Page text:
“Can young children really have depression?” – is one of the most common questions mental health practitioners get. In fact, prevalence rates in the US have shown that about 3.2% of children aged 3-17 have a diagnosed depression (CDC, 2018). Of course, these prevalence rates do not include cases that haven’t been diagnosed and we need more statistics that include various other countries and communities.
Childhood depression is more than a simple “mood swing”, “bad mood” or “feeling blue” as it can interfere with the child’s daily activities, schoolwork, family life and all other areas that are necessary for the child to thrive.
Symptoms of depression in young children may include (source DSM-V):
- Sadness / low mood
- Lack of interest in activities that the child previously used to enjoy
- Fatigue and low energy
- Changes in sleep patterns (oversleeping or sleeping less)
- Changes in appetite (eating more or not eating enough)
- An inability to concentrate on things
- Feelings of worthlessness / guilt
- Crying spells
- Social withdrawal (from family and friends)
- More lethargic than usual
- Physical complaints (headaches that doesn’t get resolved medically)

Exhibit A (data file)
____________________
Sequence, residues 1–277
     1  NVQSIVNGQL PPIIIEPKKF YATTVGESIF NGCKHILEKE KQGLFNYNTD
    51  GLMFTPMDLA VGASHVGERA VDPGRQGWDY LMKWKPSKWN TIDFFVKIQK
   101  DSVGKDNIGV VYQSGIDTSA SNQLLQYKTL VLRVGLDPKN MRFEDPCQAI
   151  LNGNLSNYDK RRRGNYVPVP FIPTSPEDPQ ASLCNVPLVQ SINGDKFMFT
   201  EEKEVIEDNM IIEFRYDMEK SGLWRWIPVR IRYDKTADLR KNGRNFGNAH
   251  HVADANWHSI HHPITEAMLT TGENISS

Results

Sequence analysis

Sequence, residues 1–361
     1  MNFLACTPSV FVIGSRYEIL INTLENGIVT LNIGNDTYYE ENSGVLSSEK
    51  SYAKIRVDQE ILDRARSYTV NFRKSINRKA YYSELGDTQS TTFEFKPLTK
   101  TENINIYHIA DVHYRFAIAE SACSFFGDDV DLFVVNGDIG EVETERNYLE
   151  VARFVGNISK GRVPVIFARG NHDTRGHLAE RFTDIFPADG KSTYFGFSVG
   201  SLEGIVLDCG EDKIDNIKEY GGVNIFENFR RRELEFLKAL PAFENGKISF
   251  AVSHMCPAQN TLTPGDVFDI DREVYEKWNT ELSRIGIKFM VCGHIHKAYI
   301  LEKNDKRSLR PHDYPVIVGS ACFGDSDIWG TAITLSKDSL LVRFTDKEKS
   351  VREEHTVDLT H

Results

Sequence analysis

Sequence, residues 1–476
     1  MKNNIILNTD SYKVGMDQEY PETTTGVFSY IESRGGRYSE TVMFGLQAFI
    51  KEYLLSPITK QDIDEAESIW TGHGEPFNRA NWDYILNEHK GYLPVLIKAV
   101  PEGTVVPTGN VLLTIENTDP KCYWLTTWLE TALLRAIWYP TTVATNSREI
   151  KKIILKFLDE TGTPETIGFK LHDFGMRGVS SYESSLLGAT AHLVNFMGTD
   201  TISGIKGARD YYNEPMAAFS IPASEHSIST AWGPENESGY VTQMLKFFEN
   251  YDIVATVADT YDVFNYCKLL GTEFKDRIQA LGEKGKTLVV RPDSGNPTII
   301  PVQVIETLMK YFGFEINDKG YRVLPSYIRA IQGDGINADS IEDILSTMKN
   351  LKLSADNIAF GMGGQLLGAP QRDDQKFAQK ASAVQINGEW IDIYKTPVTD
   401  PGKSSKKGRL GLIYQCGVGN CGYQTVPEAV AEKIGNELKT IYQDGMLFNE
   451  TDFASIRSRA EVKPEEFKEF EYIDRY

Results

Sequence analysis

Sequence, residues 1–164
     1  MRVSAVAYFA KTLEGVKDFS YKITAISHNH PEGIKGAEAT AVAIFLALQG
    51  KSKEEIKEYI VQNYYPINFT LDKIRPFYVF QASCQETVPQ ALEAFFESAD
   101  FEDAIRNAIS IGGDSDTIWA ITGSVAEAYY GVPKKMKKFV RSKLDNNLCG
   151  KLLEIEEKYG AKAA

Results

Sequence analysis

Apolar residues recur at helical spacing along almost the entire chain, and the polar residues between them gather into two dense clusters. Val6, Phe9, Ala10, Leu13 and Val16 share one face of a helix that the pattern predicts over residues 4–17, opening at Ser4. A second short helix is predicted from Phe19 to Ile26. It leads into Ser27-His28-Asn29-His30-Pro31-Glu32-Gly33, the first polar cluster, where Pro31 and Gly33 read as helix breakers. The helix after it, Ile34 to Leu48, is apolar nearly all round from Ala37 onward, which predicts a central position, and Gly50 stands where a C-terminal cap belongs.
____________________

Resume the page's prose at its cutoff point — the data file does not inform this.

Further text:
- Thoughts about death or suicide
Note: children may not have all of these symptoms combined, they will show different symptoms at different times and in different settings.
There are various different factors that could cause depression. A few of them that may increase the child’s risk of depression include:
- Genetic predispositions (family history of depression)
- Physical, emotional or sexual abuse
- Life events / family difficulties
- A challenging environment
If you notice changes in your child’s behavior over the past couple of weeks and if you notice some of the symptoms described above, it is recommended to begin by scheduling a visit with the child’s medical doctor to rule out any physical or medical reason that could explain the behavior.
It is also recommended to then seek help from a mental health specialist (Child Clinical Psychologist and/or Child Psychiatrist) to explore treatment options and help your child overcome the experience of depression. Psychotherapy (including Cognitive-Behavioral Therapeutic techniques) have been shown to be very beneficial in reducing depression symptoms. In some cases, Psychologists also recommend seeking the help of a Psychiatrist, particularly if the child has suicidal ideations to explore the option of psychopharmacology (medication).
It’s important to note that not all children who feel sad have depression but it is best to have a psychological evaluation done if you have any doubts. There are also various support groups online to help parents cope with their children’s experience of depression. Don’t hesitate to seek help.
Dr. Elena Andrioti
PhD – Psychologist